Press Releases

Financial Vehicle Corporation Statistics Q4 2015

04 April 2016 Press Release

View information release with charts and related data tables.

Summary

The recovery in the Irish securitisation market gathered pace in Q4 2015. Total FVC asset values rose to €431.1bn in Q4 2015, driven mainly by new vehicles. Net transactions inflows were positive for the fifth consecutive quarter and represented the second largest inflow since the series was first collected in Q4 2009.

The total asset value of Irish FVCs stood at €431.1 billion1 at end-Q4 2015, up from a revised €414.6bn at end-Q3 2015. This movement consisted of net transactions of €23.9 billion and valuation movements/other adjustments of minus €7.5 billion (Chart 1).

Inflows on the assets side were primarily into deposit & loan claims, securities other than shares, and other securitised assets. There were large transactions and valuation movements/other adjustments in other assets and other liabilities, arising from offsetting derivatives contracts and securitised loan sales over the quarter2 .

Reporting numbers rose over the quarter by 35 to 821 (Chart 2), indicating increased activity in the Irish FVC sector. This was mainly driven by collateralised debt obligations and corporate asset backed securities-type vehicles. Net inflows into Irish FVCs have been positive for the past five quarters, totaling €53.1 billion. Q4 2015 saw the second-largest inflow into Irish FVCs since the series was first collected in Q4 2009.

Euro area FVC asset values rose by €4 billion in Q4 2015 to €1,830 billion. Ireland’s share of euro area assets rose from 22.7 per cent in Q3 2015 to 23.6 per cent in Q4 2015 (Chart 3), marking the largest share since Q2 2011. Ireland remains a major host location for the incorporation of securitisation vehicles in the euro area.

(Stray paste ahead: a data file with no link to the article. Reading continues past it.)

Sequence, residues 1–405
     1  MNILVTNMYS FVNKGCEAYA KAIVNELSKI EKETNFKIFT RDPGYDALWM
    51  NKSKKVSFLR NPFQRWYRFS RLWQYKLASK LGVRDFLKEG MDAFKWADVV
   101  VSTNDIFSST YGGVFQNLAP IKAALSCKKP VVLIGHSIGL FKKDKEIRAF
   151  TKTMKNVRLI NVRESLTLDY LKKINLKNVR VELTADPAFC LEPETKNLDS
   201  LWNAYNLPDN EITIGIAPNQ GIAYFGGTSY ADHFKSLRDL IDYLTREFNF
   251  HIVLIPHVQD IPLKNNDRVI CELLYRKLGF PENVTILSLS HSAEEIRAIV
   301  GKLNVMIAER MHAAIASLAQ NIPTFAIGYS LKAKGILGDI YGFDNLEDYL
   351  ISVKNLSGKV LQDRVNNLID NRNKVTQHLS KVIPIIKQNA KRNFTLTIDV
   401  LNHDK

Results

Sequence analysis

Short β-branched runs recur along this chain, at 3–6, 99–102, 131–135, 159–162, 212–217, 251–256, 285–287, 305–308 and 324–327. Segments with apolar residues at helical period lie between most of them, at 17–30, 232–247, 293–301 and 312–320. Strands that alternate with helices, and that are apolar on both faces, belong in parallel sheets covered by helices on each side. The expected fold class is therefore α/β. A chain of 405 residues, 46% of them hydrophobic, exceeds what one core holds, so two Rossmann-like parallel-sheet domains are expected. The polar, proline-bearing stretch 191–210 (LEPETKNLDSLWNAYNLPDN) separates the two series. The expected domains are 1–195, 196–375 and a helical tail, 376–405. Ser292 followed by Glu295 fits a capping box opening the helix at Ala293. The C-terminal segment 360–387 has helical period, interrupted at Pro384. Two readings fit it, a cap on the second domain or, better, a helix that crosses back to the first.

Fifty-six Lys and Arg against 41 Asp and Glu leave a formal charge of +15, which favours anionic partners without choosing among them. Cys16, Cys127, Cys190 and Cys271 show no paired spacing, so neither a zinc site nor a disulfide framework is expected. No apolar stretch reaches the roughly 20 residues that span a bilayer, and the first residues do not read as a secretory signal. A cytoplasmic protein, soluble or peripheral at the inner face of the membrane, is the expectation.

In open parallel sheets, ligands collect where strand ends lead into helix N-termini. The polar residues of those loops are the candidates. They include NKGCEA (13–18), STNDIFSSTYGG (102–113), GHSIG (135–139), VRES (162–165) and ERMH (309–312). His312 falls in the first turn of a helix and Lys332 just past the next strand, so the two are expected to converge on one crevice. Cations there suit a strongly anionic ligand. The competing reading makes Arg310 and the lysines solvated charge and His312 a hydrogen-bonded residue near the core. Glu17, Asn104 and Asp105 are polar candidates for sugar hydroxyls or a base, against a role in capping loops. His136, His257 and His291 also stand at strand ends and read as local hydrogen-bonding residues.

Notes

These data were collected under the requirements of Regulation (EC) No. 24/2009 concerning statistics on the assets and liabilities of financial vehicle corporations engaged in securitisation transactions (ECB/2008/30), which was passed on 19 December 2008, obliging financial vehicle corporations to report quarterly balance sheets. Reporting is obligatory for all financial vehicle corporations resident in Ireland.
The full data series for Ireland is available on the Central Bank of Ireland website and euro area statistics are available from the ECB website here.

‘Financial vehicle corporations’ (FVCs) are undertakings which are constituted pursuant to National or Community Law and whose principal activity meets both of the following criteria:

  • To carry out securitisation transactions which are insulated from the risk of bankruptcy or any other default of the originator.
  • To issue securities, securitisation fund units, other debt instruments and/or financial derivatives, and/or to legally or economically own assets underlying the issue of securities, securitisation fund units, other debt instruments and/or financial derivatives that are offered for sale to the public or sold on the basis of private placements.

‘Securitisation’ refers to a transaction or scheme whereby: (i) an asset or pool of assets is transferred to an entity that is separate from the originator and is created for or serves the purpose of the securitisation; and/or (ii) the credit risk of an asset or pool of assets, or part thereof, is transferred to the investors in the securities, securitisation fund units, other debt instruments and/or financial derivatives issued by an entity that is separate from the originator and is created for or serves the purpose of the securitisation.
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1 FVC data include assets of two NAMA vehicles at nominal value.
2 Securitised loans are recorded at nominal value in the FVC statistics. Should an FVC purchase securitised loans at below nominal value, an adjustment equal to the difference between the nominal and the purchase price is recorded on the liability side of the balance sheet in order to balance the assets and liabilities. This results in a positive valuation adjustment (affecting the green series in Chart 1) in the securitised loans and other liabilities categories. If an FVC sells on these securitised loans at a price below nominal, both of these categories are then affected by negative valuation adjustments.

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